I think this is book is considered fairly legendary in some circles, being 'the WW2 infantry' memoir. Knappe, who retained all his photographs and diaries even through multiple battles and prison camps, entered the German forces as a private or 'soldat', but to some degree the title is disingenuous as he was already a gymnasium graduate and tracked into special under-officer (sergeant) training, and he was well-off enough to be an expert skier, which later, through the pure chance of war/promotion led him to be sent off into a staff assignment when his unit went off into a destructive battle. (apparently a lot of war memoirs include this element-- by definition, we're reading the survivor account because 'there but for the hand of god' he would have been in stalingrad or kursk or wherever).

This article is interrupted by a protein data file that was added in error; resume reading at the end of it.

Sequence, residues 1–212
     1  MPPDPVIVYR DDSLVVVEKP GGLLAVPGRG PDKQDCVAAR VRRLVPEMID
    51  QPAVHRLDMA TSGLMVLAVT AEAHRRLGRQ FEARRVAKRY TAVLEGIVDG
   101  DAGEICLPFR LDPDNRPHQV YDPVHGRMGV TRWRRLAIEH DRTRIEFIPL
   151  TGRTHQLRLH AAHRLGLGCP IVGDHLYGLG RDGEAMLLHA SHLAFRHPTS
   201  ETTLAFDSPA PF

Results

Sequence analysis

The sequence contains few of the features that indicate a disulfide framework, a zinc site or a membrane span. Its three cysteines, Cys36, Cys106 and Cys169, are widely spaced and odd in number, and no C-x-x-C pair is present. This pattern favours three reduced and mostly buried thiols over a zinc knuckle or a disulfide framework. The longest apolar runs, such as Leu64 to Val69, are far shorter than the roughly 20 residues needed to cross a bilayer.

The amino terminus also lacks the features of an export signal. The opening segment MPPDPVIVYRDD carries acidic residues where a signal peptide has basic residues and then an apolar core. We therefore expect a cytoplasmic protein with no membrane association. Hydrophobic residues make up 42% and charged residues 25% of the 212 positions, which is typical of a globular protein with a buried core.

starting as a horse-drawn artillery specialist (most of the german army was horse-drawn throughout the war; panzers were highly visible and constitute the contemporary image of the war but all european economies, german included, still relied on muscle power), Knappe eventually sees action in France and the Eastern Front, and then is sufficiently important to be 'flown to Moscow' as the opening chapter reveals. so, in other words, he 'saw it all;' may have had one of the most dramatic and widely-ranging german army experiences, although not a party member. Knappe undoubtedly excludes much of the prison experience and the months from France to Barbarossa might be surprisingly swept over, but the flip side, of course, is lots and lots of war and war-training detail. a 'legendary work,' it would seem, written as if by a professional writer. 4/5